James Wood and Claire Messud’s “show shelves,” Cambridge, MA.

The cognitive psychologist and pop-science writer Steven Pinker and his wife, novelist Rebecca Goldstein, create theirs out of white smart cubes, which Pinker also employs in his closet to color code his shirts. Time critic Lev Grossman’s are the object of loathing—“my damn divorce bookcases”—while the comic novelist Gary Shytengart prizes his for adding a “sense of drama to the living room.” That is, a purely aesthetic drama.

Gary Shteyngart’s living room drama, available at Design Within Reach.

Junot Díaz keeps every book he has ever bought (even if it means having to do so in storage). Pinker prunes every few years, while the novelist and critic Edmund White frequently buys books to write an essay and then dumps them all after it runs.

“To be weighted down by things—books, furniture—seems somehow terrible to me,” Claire Messud says. And it was this very concern—the mental burden of being anchored by books, the cost and bother of moving boxes yet again, and the flattering idea that a donation could do some good—that led my boyfriend and me recently to shed more than two hundred titles.

My boyfriend was ruthless. He chucked a book if he thought it’d be easy enough to get again for a dollar. From him, Housing Works got Nabokov (The Gift), Hemingway (a second copy of In Our Time), Ishiguro (A Pale View of the Hills), and Ozick (The Pagan Rabbi, which, I’m sad to say, snuck past me).

I’ve always felt an obligation to keep any book with which I’ve had some sort of relationship, even if it was an insignificant one—an assignment for a short review, for instance. Over time, these bad and mediocre books began to stand on my shelves as reproaches—Was I fair? Did I do the book justice? Whom did I hurt?—and I was glad to send them off. But I kept most else, especially if I’d scribbled in it. My annotations—“!!” or “Hahah” or “Bleh”—are asinine, but I’m fond of them. Analyses can be recooked, but these grunts fossilize an initial reaction—how I responded to Notes from Underground at eighteen (“Meh”) and then three formative years later (“WAH”).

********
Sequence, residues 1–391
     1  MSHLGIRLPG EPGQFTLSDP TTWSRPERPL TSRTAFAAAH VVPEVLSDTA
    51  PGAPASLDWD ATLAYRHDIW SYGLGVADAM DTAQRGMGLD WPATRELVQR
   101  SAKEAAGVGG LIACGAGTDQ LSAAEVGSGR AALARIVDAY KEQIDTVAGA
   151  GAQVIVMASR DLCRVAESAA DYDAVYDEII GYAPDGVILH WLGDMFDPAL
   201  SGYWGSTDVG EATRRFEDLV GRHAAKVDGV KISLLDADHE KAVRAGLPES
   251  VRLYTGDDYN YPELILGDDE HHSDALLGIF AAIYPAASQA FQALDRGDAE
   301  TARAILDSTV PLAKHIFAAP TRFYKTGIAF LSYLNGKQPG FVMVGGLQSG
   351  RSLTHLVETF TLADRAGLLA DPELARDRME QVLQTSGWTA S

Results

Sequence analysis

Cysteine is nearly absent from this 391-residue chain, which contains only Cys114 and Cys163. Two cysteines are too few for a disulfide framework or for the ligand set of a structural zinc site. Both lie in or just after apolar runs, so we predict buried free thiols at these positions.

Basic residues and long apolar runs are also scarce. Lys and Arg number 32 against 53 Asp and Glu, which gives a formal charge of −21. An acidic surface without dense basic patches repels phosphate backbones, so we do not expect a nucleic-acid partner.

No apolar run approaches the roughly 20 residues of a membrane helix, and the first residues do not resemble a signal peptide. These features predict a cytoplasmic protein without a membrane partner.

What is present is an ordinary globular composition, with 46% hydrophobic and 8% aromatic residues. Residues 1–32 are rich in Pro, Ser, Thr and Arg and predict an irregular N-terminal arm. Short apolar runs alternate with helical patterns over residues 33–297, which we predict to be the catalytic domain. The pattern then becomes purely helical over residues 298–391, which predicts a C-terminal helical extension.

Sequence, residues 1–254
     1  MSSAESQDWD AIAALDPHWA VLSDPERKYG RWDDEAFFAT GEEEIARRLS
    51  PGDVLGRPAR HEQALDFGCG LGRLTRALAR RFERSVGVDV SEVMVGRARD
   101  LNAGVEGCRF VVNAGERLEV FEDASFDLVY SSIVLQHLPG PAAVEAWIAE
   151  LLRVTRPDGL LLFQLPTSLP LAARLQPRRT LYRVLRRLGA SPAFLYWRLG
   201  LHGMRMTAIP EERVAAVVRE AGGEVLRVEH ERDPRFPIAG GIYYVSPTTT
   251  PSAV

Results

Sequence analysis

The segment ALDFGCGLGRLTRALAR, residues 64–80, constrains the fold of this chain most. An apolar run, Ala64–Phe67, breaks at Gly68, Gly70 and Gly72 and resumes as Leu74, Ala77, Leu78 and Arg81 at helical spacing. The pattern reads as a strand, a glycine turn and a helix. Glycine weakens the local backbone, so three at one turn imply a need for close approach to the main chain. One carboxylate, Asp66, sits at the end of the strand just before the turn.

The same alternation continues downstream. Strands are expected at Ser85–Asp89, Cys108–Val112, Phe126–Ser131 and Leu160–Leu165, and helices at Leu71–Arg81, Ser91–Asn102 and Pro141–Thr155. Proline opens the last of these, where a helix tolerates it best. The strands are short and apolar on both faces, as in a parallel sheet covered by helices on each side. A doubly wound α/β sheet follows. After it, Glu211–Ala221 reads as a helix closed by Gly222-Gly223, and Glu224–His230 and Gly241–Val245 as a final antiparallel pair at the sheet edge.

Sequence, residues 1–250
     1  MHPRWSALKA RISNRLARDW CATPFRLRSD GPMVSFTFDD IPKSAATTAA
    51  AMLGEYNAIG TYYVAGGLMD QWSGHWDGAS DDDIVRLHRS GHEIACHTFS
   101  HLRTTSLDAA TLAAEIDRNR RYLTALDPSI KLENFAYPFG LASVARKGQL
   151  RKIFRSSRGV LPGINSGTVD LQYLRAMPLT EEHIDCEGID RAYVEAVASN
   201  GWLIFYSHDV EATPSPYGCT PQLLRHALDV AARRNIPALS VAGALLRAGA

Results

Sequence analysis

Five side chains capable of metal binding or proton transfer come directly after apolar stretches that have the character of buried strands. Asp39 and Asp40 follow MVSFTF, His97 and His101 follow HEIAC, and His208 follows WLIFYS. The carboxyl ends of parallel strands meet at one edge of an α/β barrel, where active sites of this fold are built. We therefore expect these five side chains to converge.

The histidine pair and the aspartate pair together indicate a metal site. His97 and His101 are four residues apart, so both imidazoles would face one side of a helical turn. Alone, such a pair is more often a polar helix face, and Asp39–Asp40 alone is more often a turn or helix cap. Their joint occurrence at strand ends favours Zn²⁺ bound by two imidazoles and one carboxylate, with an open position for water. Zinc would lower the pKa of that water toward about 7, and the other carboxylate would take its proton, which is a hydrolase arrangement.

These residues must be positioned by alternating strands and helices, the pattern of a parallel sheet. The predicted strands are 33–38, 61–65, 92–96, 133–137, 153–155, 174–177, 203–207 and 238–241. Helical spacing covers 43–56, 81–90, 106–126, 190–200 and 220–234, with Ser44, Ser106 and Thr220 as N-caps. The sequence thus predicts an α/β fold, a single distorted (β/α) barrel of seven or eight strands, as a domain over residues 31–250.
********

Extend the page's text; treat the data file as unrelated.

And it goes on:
I put the survivors on a few new Billy Bookcases. (IKEA has sold more than twenty-eight million, and I, for better or worse, own four.) They went up like all my other books, in no particular order.

Someday I’d like to change that—but I couldn’t go through all the effort just to be seen as being serious.

Francesca Mari has written for The New Republic, The New York Times Book Review, and other publications.



Newer Comments »
  1. Elizabeth Moon | February 8, 2012 at 11:41 am

    A room without visible books is sterile, cold, unwelcoming. It would be ideal (for me, at least) to have floor to ceiling bookcases on most walls (something achieved only on one wall each of two rooms) and if money permitted, I’d have a true library room: all books, long table, comfortable chairs.

    Shelving–mostly by topic, though also by need. The field guides now sit beside me as I type, easy access for ID when working on new images from the land. Beneath them, dictionary, thesaurus, Chicago Manual of Style. A leaky roof took a lot of the older paperbacks and some hardcovers boxed for transport to a new location.